Cedar Waxwing

Bombycilla cedrorum

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  • Cedar Waxwing |  Photo: Reesman, OR Dept. F&W
  • Cedar Waxwing |  Photo: Reesman, OR Dept. F&W
  • Cedar Waxwing |  Photo: Reesman, OR Dept. F&W
  • Cedar Waxwing |  Photo: Reesman, OR Dept. F&W
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Cedar Waxwing Photo Gallery

Basic Information

Order

Passeriformes

Family

Bombycillidae

Size

Cedar Waxwing can grow up to 6.75 inches in length.

Lifespan

up to 8.25 years

Weight

Cedar Waxwing (Bombycilla cedrorum) facts, habitat, range, waxwing pictures and bird watching tips to help you identify the songbird.

Diet

Cedar Waxwings are omnivores, but mainly eat fruit. They will add a little bit of protein with the occasional insect.

Behavior

Foliage Gleaner

Range

Migratory: Nationwide

Nest Placement

Tree

Number of Offspring

3–6 Eggs

Egg Description

Blue Gray with dark brown to black specks

Condition at Hatching

Feeble, naked, blind, tiny

Social Status

Flocks

Wingspan

8.6-11.9 in

Observation Tips

Keep an eye peeled along trails in northern forests that run through berry bushes.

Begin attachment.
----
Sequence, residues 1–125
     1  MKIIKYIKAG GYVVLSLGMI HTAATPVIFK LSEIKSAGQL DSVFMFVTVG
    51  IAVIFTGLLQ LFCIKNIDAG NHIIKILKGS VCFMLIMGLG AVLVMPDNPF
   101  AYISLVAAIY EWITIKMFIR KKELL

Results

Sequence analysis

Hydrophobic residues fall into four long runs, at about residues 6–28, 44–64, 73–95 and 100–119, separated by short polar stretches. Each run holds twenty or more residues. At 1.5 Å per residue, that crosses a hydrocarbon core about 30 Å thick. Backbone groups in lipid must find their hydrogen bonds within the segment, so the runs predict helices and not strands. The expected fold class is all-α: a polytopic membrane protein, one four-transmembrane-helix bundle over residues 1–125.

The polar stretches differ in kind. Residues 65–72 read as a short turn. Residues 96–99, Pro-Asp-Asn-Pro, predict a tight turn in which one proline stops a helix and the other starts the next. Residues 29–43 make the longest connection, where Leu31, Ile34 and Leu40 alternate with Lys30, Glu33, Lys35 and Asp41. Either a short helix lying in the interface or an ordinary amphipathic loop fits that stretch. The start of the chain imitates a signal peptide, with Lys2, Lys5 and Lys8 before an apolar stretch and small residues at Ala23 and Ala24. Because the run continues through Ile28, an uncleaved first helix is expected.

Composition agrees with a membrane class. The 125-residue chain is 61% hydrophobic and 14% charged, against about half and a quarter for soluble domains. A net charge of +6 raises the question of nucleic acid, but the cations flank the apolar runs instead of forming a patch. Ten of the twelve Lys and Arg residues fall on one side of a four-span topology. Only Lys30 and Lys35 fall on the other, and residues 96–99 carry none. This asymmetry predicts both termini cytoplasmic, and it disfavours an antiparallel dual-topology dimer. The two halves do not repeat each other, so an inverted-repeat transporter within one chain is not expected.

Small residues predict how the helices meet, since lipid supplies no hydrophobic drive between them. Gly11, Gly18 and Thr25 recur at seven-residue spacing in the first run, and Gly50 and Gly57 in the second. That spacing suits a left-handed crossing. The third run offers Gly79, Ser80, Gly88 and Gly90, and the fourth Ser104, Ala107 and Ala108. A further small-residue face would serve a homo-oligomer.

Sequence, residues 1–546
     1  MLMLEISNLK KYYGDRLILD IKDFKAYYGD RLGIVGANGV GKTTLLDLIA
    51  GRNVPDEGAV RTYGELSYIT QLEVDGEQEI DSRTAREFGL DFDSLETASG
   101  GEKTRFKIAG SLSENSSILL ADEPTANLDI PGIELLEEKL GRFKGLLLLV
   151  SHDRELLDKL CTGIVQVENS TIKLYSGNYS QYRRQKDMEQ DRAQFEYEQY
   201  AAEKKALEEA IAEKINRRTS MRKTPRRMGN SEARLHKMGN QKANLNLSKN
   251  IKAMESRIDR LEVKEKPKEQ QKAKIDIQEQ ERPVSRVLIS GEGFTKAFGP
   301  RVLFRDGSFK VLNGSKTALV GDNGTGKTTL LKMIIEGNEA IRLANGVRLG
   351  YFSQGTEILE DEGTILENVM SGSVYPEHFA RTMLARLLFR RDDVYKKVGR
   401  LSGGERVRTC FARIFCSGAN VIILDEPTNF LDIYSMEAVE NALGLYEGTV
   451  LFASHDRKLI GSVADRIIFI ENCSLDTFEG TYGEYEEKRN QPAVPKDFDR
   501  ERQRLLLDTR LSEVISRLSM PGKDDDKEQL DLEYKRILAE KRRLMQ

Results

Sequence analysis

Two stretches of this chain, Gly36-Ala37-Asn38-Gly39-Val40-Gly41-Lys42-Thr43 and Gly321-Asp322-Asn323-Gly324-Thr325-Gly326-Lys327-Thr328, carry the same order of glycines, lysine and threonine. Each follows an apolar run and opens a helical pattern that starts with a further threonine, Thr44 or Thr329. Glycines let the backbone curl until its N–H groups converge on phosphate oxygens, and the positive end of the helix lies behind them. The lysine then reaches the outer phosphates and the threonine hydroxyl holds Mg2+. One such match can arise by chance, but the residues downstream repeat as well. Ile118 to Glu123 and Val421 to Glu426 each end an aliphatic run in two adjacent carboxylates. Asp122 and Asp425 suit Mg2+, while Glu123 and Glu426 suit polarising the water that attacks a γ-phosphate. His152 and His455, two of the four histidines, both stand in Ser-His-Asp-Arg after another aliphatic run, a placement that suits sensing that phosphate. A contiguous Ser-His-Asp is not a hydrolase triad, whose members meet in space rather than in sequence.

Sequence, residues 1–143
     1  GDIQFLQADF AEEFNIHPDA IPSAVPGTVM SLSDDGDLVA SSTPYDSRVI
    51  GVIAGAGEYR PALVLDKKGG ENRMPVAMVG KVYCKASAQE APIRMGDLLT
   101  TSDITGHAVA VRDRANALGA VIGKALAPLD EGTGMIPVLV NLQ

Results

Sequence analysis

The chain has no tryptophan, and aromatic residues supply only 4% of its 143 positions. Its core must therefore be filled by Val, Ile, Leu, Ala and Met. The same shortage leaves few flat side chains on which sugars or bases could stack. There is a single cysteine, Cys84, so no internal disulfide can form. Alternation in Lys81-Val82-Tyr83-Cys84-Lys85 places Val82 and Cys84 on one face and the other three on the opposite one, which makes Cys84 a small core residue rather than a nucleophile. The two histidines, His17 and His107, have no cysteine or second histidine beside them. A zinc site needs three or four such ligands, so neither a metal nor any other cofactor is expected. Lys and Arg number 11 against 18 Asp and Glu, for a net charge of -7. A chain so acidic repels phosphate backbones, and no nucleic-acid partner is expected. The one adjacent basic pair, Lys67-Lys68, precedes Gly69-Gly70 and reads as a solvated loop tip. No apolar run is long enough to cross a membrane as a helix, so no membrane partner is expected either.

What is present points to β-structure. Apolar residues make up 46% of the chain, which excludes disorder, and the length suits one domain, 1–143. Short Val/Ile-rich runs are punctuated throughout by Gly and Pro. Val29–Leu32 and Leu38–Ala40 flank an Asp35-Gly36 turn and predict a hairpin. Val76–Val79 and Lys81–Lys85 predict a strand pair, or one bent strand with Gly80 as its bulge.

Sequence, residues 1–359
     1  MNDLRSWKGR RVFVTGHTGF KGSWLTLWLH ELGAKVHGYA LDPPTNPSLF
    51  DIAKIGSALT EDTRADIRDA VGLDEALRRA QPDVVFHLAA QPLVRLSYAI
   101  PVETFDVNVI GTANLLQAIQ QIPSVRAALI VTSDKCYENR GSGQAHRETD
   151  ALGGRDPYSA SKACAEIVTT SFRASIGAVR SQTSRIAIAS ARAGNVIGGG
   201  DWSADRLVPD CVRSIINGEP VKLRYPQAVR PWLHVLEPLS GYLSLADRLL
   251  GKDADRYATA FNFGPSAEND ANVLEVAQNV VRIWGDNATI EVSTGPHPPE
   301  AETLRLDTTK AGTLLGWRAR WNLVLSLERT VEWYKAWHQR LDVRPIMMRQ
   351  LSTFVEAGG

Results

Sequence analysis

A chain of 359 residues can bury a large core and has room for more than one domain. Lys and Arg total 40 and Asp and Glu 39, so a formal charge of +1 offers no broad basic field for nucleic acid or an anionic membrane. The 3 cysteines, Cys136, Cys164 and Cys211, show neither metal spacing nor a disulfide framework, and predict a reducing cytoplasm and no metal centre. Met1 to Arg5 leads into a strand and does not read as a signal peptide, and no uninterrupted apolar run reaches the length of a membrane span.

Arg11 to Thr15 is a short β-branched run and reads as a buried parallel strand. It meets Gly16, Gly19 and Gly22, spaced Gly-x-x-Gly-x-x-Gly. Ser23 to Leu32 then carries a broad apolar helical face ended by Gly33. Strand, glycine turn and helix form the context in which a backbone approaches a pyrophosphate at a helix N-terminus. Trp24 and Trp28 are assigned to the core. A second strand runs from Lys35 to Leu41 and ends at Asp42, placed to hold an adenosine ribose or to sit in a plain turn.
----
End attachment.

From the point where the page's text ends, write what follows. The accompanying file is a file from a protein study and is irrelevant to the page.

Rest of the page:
What does the Cedar Waxwing look like?

Cedar Waxwings are an amazing site for birders. These medium sized songbirds have a light brown head and short crest that fades into gray red tipped wings. Their chest is a light brown that fades into a pale yellow across the belly. They have a white lined black mask on their face with a short black bill. Their tail is short with a bright yellow tip.

Cedar Waxwing Habitat

Open Forests

Cedar Waxwing Facts

Cedar Waxwings are showy songbirds of the forests. During the fall's berry season, they will gather in large flocks to feast on fruit. They can metabolize alcohol from fermenting berries, thus can become intoxicated and are sometimes killed from alcohol poisoning.

See also